NAPA Bulletin

REHABILITATION, RESISTANCE, AND RETURN: SERVICE LEARNING AND THE QUEST FOR CIVIL SOCIETY IN BOSNIA

Authors


Abstract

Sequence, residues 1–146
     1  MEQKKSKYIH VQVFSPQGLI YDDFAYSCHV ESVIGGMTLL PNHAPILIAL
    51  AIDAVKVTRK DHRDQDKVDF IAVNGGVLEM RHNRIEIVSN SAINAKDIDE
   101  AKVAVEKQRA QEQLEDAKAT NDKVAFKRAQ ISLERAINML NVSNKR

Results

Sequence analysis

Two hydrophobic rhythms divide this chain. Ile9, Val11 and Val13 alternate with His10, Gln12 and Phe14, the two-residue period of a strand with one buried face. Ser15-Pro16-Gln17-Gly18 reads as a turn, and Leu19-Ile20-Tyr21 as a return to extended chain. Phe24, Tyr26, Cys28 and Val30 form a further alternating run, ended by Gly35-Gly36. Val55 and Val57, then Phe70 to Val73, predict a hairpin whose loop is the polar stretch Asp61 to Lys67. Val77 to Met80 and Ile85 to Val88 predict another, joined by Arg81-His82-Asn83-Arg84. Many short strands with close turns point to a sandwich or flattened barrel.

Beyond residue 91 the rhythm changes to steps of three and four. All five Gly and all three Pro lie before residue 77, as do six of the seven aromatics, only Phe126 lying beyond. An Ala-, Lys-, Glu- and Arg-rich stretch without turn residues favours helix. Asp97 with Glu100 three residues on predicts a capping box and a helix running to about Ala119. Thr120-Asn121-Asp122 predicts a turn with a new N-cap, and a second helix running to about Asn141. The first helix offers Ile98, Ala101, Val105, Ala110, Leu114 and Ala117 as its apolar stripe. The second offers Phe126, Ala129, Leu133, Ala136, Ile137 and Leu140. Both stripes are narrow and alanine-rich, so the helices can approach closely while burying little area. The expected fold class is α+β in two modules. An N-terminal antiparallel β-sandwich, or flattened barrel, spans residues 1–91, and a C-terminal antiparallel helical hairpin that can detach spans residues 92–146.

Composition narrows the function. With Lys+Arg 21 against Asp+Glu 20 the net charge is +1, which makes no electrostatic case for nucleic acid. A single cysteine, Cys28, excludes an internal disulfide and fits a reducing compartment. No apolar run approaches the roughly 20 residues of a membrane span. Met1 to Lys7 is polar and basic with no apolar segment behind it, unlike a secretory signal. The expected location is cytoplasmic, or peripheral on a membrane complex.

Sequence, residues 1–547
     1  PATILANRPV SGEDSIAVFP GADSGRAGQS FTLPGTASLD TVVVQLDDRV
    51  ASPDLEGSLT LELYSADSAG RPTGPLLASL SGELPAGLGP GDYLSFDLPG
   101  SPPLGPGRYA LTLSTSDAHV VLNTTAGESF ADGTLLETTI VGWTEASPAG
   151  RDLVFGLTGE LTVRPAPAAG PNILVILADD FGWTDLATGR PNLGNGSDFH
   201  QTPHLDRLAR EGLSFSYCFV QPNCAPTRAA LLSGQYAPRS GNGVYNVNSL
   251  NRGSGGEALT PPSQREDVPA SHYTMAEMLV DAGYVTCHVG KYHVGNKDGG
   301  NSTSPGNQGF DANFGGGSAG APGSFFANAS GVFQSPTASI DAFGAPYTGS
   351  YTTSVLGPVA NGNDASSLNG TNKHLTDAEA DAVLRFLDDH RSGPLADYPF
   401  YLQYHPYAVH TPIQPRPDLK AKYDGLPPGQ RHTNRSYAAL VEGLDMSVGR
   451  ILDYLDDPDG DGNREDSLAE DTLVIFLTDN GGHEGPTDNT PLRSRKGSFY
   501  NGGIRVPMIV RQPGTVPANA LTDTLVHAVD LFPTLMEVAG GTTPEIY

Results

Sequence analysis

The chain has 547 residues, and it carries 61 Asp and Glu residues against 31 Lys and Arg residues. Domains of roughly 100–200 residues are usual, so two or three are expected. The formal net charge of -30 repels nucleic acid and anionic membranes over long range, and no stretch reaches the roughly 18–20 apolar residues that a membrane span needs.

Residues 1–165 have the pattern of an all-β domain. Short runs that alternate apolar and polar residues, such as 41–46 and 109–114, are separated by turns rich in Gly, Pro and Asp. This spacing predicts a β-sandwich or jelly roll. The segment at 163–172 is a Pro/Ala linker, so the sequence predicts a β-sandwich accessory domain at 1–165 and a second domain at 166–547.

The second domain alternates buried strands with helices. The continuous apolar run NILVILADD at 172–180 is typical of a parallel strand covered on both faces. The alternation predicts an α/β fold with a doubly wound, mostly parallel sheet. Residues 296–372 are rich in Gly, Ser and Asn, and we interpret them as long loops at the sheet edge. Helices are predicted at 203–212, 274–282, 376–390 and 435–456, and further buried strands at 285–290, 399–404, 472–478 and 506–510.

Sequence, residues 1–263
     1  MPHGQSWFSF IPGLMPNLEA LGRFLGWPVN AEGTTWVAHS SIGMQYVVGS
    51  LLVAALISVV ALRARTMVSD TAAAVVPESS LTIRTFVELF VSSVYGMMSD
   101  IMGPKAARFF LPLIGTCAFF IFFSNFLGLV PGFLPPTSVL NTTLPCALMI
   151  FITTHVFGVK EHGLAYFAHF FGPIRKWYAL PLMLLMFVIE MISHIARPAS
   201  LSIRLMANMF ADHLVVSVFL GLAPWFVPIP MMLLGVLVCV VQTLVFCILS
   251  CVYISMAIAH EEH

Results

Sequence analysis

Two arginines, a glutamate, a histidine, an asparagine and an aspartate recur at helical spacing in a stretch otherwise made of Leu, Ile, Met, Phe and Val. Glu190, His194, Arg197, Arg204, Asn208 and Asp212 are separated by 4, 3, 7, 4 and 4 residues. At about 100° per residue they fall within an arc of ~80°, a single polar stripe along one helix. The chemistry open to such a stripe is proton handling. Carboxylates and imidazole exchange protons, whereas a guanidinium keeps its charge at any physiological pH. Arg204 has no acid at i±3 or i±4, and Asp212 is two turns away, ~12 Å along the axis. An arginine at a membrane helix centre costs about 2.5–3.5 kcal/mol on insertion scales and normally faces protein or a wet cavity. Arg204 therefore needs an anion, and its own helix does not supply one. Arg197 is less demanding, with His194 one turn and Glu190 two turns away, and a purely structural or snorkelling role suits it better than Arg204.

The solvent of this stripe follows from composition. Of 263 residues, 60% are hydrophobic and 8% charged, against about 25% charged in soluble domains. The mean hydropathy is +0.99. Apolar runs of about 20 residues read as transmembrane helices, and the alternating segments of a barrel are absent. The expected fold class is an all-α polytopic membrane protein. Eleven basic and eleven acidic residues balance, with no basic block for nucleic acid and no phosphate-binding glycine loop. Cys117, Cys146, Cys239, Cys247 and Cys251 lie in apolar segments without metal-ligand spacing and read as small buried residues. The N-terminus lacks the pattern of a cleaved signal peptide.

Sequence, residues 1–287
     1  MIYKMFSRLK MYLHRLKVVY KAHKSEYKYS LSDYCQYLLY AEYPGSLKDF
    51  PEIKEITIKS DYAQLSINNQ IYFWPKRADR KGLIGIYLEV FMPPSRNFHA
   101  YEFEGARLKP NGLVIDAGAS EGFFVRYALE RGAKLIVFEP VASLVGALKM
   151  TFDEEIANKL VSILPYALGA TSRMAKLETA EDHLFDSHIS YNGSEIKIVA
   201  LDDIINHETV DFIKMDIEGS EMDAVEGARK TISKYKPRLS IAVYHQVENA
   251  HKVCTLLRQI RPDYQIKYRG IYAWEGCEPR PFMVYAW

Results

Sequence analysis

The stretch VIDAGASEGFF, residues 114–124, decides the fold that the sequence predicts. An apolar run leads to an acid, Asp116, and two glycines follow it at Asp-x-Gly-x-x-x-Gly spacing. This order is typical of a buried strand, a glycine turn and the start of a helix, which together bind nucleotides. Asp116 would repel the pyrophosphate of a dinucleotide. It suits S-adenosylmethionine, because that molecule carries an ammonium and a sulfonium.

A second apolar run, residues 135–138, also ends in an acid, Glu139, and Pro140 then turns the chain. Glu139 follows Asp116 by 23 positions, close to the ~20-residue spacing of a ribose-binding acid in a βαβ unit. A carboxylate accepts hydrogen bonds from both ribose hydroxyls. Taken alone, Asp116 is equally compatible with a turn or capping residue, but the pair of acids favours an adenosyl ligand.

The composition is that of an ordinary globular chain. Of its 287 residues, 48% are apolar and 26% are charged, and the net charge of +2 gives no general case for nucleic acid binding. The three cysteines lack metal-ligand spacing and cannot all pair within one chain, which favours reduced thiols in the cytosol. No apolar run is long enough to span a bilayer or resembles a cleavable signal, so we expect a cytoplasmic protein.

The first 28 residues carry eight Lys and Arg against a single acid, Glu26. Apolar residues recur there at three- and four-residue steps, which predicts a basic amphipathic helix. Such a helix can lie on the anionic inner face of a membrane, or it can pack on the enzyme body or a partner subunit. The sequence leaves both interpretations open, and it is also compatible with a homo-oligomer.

In 1996, shortly after termination of the Bosnian civil war and the signing of the Dayton Peace Accords, the University of Denver established a service learning program in the Balkans. Now, about to enter its eighth consecutive year of operation, “Project Bosnia” has become the university's longest-running service learning/field school initiative. Each summer, from ten to 15 students (representing disciplines as diverse as anthropology, international relations, and law) participate in on-site, agency-based activities that allow them to hone both their community outreach and applied research skills. Some serve as summer school teachers in the small town of Vares. Many work with refugees and internally displaced persons in Sarajevo, the capitol. Placement agencies include the International Commission on Missing Persons, America's Development Foundation, the International Crisis Group, World Vision, the Mine Action Center, and the United Nations High Commission for Refugees. In-class, academic work directed by the author complements each student's fieldwork.

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